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J Clin Invest. 2011 Jun;121(6):2264-77. doi: 10.1172/JCI43157. Epub 2011 May 16.

Repeated TLR9 stimulation results in macrophage activation syndrome-like disease in mice.

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Division of Rheumatology, The Children's Hospital of Philadelphia, Philadelphia, Pennsylvania, USA.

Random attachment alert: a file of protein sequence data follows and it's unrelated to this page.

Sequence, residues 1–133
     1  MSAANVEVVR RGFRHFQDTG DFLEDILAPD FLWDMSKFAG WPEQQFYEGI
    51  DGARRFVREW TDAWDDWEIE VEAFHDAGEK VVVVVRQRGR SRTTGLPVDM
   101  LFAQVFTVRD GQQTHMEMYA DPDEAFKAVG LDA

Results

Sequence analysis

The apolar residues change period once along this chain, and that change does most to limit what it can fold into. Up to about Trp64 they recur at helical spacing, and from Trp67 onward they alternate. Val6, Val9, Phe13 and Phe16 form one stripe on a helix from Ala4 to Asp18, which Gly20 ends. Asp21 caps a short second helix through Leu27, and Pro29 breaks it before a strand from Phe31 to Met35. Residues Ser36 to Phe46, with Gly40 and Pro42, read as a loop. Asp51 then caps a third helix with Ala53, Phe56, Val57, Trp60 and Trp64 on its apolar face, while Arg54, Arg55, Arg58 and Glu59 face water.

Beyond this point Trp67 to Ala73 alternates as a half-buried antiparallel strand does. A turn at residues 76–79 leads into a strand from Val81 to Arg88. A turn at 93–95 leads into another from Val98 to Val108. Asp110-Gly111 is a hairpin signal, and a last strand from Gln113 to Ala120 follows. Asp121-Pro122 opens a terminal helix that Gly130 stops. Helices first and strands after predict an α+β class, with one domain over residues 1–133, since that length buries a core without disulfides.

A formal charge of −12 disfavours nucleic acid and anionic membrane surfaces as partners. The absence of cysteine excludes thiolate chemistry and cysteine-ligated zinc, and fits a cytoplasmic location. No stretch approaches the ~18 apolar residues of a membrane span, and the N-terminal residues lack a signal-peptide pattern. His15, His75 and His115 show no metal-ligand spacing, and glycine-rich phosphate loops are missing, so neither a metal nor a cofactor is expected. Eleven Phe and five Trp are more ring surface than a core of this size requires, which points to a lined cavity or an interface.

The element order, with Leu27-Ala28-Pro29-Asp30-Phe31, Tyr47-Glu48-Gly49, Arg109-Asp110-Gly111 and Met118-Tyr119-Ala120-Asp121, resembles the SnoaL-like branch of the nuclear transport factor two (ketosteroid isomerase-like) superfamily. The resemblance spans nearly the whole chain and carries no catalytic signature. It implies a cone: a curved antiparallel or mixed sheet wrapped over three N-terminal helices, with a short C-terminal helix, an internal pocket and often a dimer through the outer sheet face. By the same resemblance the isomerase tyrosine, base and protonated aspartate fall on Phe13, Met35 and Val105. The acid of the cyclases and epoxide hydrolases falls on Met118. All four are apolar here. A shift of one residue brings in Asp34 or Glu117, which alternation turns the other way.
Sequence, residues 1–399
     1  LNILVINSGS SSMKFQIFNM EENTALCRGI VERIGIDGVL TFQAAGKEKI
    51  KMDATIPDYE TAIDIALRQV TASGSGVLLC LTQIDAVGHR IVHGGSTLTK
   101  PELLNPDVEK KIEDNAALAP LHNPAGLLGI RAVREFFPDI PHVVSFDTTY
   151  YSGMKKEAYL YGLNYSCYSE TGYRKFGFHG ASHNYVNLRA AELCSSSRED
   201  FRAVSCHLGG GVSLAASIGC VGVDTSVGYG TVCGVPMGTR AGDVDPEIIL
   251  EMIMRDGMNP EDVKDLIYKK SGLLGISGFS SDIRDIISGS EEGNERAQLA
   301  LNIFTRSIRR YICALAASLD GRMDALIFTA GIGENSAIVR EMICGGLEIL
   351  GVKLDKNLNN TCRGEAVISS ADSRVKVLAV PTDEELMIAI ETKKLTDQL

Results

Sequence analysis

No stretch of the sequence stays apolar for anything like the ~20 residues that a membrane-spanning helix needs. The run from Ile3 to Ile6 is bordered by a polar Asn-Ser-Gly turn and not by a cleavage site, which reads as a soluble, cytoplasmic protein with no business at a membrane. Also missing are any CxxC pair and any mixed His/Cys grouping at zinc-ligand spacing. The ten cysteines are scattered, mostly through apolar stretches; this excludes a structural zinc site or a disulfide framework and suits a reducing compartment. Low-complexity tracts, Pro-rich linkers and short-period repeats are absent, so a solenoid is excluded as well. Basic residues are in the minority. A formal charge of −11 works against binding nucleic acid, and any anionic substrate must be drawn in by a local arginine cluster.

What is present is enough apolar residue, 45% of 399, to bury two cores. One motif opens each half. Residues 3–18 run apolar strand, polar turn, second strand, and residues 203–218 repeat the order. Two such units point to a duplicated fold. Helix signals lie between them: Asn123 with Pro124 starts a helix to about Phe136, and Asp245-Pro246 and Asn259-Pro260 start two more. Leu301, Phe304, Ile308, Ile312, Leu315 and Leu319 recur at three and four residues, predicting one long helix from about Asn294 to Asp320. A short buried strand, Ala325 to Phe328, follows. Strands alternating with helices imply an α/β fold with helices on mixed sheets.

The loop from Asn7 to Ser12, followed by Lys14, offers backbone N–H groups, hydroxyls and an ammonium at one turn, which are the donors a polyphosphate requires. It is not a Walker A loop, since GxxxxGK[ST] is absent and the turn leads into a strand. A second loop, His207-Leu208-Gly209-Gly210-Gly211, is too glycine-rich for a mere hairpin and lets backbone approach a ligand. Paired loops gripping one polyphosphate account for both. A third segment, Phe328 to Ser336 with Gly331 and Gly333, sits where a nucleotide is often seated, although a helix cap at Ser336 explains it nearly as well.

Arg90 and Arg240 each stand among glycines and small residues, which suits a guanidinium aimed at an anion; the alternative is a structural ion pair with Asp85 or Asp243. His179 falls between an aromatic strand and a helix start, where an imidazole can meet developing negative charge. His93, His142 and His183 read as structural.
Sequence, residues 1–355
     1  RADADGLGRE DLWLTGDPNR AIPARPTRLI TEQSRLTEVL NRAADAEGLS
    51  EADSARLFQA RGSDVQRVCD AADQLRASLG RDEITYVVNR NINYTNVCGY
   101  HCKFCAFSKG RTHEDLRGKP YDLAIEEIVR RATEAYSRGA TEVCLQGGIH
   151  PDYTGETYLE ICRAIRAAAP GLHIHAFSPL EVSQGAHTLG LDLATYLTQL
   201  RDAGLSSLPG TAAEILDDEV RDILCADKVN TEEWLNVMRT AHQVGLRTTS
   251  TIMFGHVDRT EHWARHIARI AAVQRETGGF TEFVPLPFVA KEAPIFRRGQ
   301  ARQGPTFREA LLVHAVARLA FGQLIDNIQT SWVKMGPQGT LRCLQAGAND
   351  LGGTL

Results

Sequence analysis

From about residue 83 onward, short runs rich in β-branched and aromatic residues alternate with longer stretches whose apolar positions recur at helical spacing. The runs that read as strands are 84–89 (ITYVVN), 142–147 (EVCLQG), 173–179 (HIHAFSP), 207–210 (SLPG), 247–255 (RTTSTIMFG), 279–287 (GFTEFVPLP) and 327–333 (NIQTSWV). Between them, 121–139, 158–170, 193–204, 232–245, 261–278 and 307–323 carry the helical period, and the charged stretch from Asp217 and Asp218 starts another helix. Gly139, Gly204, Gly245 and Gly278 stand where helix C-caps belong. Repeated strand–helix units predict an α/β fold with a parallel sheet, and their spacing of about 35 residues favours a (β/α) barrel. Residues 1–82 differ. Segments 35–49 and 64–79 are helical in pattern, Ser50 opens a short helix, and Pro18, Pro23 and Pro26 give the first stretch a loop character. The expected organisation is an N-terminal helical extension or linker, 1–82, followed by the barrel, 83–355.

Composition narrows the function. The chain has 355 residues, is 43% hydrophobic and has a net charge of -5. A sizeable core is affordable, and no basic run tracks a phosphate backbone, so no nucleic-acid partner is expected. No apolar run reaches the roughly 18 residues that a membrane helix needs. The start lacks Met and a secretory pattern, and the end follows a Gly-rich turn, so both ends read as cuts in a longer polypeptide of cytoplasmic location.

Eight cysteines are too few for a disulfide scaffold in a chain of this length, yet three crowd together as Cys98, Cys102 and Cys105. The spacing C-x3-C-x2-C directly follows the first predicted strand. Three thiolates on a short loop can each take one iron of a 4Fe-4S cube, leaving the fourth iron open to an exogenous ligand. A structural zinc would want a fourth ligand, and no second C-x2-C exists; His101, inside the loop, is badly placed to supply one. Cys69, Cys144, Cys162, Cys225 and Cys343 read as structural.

Hemophagocytic lymphohistiocytosis (HLH) and macrophage activation syndrome (MAS) are 2 similar diseases characterized by a cytokine storm, overwhelming inflammation, multiorgan dysfunction, and death. Animal models of HLH suggest that disease is driven by IFN-γ produced by CD8⁺ lymphocytes stimulated by persistent antigen exposure. In these models and patients with "primary" HLH, the antigen persists due to genetic defects, resulting in ineffective cytotoxic responses by CD8⁺ T cells and poor pathogen clearance. However, infectious triggers are often not identified in patients with MAS, and some patients with HLH or MAS lack defects in cytotoxic T cell killing. Herein, we show that repeated stimulation of TLR9 produced an HLH/MAS-like syndrome on a normal genetic background, without exogenous antigen. Like previous HLH models, TLR9-induced MAS was IFN-γ dependent; however, unlike other models, disease did not require lymphocytes. We further showed that IL-10 played a protective role in this model and that blocking IL-10 signaling led to the development of hemophagocytosis. IL-10 may therefore be an important target for the development of effective therapeutics for MAS. Our data provide insight into MAS-like syndromes in patients with inflammatory diseases in which there is chronic innate immune activation but no genetic defects in cytotoxic cell function.

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